While in the short run, Rakhmonov’s election maneuvers will not have a major impact, they hold promise of influencing long term reforms. With less than a month to go before the parliamentary elections, several political parties have been allowed to compete for seats in the lower house including the Communist party, the Democratic Party, the Socialist Party, the Islamic Renaissance Party (IRP), and the Justice Party. The upcoming parliamentary election will be the first within a former Soviet country in which an Islamic party, in this case the Islamic Renaissance Party, will be insured legal participation. The government’s decision to include the IRP is partly due to the present weakness of the Islamic Renaissance Party that is divided over a disagreement between its two leaders. However the IRP may soon restore its power by forming a coalition with other parities to oppose the Rakhmonov’s PDP. Even under such a coalition, the seats they gain in parliament are expected to be minimal.

Rakhmonov hopes to create a new public image and reinforce the people’s existing confidence in him as a peace builder, the reputation he won during the current period of peace and reconciliation. His strategy in allowing a few opposition parties to participate in this election is a clear effort to build the public’s trust for Rakhmonov’s leadership. The strategy does not involve a lot of risk. The Communist Party clearly supports Rakhmonov and will guarantee a majority for the PDP. And with the UTO, Rakhmonov is currently attempting to divide UTO unity by cooperating with liberal UTO members while driving a wedge between them and the more radical UTO factions. So far the UTO suffers from a deep rift between its two leaders with leader Akbar Turajonzoda openly supporting the president during the election, and leader Said Abdullo Nuri still holding strong pro-Islamic beliefs. On the international front, Rakhmonov must build his prestige by settling the tense border problems along the 1,500 km Tajikistan-Afghanistan border. And he must melt icy relations with his huge neighbor Uzbekistan. Tajikistan is seeking closer military and political alliance with Russia in order to ensure its security in the region.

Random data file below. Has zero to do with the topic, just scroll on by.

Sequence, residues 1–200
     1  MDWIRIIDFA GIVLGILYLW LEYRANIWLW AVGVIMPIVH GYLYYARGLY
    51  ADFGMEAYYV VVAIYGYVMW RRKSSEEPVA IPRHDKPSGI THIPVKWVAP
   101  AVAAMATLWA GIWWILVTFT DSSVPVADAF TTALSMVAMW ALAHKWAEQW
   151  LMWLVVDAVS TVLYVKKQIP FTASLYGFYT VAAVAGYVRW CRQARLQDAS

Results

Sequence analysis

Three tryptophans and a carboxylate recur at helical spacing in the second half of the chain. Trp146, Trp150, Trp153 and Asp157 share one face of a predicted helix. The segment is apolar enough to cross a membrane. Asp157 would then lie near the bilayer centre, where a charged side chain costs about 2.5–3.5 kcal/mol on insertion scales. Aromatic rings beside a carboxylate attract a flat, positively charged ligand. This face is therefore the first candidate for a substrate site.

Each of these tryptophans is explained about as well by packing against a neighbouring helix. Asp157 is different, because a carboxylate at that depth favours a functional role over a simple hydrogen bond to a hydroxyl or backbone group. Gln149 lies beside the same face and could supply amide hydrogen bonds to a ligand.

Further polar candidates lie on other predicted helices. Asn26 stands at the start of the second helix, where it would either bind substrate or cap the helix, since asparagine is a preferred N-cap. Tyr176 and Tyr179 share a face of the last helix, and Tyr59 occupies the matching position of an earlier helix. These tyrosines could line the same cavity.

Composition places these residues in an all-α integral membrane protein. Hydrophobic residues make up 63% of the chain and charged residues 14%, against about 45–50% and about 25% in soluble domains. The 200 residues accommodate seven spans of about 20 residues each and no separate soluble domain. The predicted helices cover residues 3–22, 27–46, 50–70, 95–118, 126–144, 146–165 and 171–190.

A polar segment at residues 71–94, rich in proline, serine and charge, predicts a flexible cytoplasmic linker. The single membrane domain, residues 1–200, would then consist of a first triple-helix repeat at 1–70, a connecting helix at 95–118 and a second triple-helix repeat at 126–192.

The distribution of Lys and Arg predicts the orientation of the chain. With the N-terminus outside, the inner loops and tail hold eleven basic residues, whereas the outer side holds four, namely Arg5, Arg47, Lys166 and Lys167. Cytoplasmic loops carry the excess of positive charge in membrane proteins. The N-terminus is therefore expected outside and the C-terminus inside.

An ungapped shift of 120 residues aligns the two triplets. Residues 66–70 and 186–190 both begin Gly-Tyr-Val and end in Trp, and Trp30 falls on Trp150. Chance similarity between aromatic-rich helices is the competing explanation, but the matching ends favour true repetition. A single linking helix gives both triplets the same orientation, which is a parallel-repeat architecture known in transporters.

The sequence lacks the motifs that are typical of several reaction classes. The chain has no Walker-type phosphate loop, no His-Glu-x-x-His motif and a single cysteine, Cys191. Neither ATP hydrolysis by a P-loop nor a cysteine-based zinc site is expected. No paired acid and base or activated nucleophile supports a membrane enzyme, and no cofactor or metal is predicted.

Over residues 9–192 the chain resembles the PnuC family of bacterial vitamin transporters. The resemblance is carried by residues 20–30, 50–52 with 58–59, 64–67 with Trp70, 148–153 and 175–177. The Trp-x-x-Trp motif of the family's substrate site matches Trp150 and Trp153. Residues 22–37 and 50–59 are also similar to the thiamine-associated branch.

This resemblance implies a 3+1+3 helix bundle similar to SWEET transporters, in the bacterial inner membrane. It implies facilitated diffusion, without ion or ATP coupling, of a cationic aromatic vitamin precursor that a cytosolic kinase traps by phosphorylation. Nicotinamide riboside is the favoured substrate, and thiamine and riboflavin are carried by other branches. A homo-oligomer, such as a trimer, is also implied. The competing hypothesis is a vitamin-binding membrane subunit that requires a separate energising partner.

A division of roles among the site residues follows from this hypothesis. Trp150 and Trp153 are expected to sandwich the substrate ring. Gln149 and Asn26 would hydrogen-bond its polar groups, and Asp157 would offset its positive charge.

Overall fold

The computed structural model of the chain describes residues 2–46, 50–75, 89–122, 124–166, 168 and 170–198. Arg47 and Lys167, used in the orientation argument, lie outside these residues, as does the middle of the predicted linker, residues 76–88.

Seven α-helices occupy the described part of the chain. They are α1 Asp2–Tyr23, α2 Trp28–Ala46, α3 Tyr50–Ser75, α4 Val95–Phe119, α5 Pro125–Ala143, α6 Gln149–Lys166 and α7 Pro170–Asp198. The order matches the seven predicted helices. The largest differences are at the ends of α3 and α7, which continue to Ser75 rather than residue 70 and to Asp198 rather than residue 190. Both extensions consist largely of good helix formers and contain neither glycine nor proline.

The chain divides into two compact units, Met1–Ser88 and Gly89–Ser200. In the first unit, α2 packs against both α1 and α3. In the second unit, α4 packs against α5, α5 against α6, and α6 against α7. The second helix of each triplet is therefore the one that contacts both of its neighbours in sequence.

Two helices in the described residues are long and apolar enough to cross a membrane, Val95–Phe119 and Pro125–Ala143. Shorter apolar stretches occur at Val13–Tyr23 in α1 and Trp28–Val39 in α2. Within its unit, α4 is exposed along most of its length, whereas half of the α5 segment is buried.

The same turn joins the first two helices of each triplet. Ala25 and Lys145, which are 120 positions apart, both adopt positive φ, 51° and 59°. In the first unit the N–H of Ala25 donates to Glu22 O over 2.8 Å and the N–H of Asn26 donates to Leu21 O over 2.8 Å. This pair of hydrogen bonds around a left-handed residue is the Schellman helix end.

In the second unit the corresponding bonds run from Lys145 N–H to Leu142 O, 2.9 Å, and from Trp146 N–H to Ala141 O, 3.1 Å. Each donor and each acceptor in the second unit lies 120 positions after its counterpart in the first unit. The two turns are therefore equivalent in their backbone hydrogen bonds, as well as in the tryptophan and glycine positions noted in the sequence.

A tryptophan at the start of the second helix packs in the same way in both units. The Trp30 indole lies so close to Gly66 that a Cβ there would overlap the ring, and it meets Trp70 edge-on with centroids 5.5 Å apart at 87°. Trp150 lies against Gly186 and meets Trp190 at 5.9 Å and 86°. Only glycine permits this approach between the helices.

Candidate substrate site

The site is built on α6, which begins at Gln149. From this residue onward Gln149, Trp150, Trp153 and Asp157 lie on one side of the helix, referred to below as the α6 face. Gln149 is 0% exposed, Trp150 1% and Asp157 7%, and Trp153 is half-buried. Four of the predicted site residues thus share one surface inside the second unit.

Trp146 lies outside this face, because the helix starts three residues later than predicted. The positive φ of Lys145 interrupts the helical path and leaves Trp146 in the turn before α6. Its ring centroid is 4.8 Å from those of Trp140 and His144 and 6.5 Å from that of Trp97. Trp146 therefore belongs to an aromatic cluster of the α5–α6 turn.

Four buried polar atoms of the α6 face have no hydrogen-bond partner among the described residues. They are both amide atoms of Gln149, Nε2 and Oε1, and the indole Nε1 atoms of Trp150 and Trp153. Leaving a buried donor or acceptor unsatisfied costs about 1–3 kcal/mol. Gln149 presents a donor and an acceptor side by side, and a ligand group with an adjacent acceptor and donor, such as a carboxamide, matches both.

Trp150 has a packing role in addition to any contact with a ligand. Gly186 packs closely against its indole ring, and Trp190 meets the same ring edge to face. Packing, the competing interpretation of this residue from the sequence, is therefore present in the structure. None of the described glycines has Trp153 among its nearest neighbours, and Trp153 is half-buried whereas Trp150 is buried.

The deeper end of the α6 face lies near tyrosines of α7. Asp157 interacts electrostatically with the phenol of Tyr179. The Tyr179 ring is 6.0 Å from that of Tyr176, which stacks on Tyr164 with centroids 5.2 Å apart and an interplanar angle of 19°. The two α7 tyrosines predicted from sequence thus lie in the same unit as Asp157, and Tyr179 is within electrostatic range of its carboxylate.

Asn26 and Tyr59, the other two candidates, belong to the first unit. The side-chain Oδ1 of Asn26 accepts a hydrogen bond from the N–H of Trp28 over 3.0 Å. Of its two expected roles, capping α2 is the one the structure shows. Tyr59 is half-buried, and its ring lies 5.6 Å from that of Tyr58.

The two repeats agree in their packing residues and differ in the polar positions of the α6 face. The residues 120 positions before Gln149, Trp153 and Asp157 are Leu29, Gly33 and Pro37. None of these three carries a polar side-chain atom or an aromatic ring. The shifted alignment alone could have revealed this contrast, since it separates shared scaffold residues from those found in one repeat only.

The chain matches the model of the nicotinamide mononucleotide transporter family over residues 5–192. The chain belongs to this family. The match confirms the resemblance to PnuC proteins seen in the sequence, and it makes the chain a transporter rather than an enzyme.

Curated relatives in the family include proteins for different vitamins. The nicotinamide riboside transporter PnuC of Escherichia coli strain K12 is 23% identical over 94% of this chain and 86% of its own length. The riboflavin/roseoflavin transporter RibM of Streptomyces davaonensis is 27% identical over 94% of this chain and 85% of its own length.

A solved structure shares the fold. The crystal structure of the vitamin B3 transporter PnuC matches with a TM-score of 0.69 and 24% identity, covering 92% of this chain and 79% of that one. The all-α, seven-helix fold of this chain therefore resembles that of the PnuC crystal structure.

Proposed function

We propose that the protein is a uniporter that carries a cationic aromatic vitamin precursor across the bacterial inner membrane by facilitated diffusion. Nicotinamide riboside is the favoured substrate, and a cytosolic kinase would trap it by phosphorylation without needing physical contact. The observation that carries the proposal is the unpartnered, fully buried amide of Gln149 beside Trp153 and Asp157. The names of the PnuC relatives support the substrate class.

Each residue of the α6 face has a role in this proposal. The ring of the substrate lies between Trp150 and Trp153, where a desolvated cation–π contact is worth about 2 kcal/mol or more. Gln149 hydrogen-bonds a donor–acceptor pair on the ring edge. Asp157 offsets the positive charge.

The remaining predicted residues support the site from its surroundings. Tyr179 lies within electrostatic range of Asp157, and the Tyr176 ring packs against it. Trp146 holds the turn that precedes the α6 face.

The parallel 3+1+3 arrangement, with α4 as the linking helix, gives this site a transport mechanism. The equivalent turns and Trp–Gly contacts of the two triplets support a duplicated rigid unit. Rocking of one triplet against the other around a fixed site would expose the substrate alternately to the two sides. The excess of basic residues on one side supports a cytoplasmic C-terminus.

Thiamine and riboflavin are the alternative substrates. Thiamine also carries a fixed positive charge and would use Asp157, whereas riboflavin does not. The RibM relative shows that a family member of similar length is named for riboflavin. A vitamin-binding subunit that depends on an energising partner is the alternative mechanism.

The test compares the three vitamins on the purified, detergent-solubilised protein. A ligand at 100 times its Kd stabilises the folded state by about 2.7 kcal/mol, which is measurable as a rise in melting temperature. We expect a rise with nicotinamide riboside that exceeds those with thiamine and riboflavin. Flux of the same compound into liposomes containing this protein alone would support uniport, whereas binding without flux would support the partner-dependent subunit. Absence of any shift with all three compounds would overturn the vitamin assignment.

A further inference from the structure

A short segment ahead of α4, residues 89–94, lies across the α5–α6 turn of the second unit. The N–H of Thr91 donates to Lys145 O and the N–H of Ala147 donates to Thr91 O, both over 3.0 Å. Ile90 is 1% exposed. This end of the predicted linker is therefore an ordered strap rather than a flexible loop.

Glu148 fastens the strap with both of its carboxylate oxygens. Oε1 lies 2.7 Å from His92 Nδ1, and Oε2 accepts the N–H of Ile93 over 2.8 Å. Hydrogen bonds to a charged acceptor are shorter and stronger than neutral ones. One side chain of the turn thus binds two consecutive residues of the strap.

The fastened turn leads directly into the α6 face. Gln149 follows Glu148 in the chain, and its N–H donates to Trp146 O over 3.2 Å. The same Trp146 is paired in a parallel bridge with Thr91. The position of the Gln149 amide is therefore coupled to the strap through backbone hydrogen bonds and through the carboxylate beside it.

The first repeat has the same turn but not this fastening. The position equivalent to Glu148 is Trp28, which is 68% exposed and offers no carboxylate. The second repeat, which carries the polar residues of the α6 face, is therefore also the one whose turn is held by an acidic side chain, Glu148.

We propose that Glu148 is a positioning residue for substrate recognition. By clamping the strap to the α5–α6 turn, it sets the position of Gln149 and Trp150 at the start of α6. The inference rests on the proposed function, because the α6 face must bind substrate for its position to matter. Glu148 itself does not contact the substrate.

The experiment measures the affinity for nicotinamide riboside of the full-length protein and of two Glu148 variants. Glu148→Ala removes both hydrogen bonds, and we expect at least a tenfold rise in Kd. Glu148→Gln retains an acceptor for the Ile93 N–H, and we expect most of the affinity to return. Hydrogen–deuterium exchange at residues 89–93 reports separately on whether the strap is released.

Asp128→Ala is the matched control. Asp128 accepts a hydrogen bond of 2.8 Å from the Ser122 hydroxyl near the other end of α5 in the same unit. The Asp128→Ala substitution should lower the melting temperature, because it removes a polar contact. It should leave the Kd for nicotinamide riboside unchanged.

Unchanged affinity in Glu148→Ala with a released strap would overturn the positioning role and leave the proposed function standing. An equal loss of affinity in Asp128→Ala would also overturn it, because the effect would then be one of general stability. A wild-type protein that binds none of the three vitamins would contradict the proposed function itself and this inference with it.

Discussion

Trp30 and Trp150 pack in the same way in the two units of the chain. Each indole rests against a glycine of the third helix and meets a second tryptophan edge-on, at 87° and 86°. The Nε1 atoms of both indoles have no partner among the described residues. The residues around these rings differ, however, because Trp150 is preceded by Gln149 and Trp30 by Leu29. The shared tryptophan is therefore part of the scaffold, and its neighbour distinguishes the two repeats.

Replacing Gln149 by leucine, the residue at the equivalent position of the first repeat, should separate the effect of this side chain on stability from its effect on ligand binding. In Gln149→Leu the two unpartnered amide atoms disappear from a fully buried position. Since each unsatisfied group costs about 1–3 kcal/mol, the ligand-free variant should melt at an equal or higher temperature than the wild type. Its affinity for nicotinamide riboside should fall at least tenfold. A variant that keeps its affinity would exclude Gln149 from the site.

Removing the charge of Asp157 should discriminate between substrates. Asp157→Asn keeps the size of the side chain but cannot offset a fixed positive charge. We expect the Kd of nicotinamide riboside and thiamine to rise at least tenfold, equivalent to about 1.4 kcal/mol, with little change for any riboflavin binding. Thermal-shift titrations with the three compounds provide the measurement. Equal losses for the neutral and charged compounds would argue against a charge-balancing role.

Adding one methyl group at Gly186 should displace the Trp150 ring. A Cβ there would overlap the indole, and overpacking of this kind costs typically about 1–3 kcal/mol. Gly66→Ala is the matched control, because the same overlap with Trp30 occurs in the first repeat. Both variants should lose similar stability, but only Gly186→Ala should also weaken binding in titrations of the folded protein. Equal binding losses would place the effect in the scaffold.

CONCLUSION: A victory for the PDP will lead to near total control by President Rakhmonov of the executive and legislative branches. The court system is subordinated to the government already. Rakhmonov’s recent political maneuvers give a bit of optimism that real reforms will take place. Tajikistan’s people understand that the government does not adequately invest in the peace it recently achieved and know that substantial monetary support is greatly needed to rebuild its shattered national economy.

Rakhmonov is oriented to national reintegration and political stability and thus seeks to increase the degree of compromise in his domestic and regional policies. Rakhmonov needs to solve a number of pressing problems such as illegal arms, paramilitary units’ activity, and severe drug infiltration from Afghanistan. The current relationship with Western countries and its sources of monetary support must be readjusted for Tajikistan’s future development. The strongest symbol of Tajikistan’s poor relationship with the West is its status as the only CIS country that never opened an embassy in Washington, DC. Likewise, the United States embassy in Dushanbe has remained inactive because of security reasons. When these embassies open it will show that Rakhmonov’s truly desires or is desperate for reform.

AUTHOR BIO: Moukhabbat Khodjibaeva is a former TV reporter in Tajikistan. Her recent works on "The role of TV in Tajik conflict" and "Between Paris and the Taleban’ were published in Central Asia Monitor.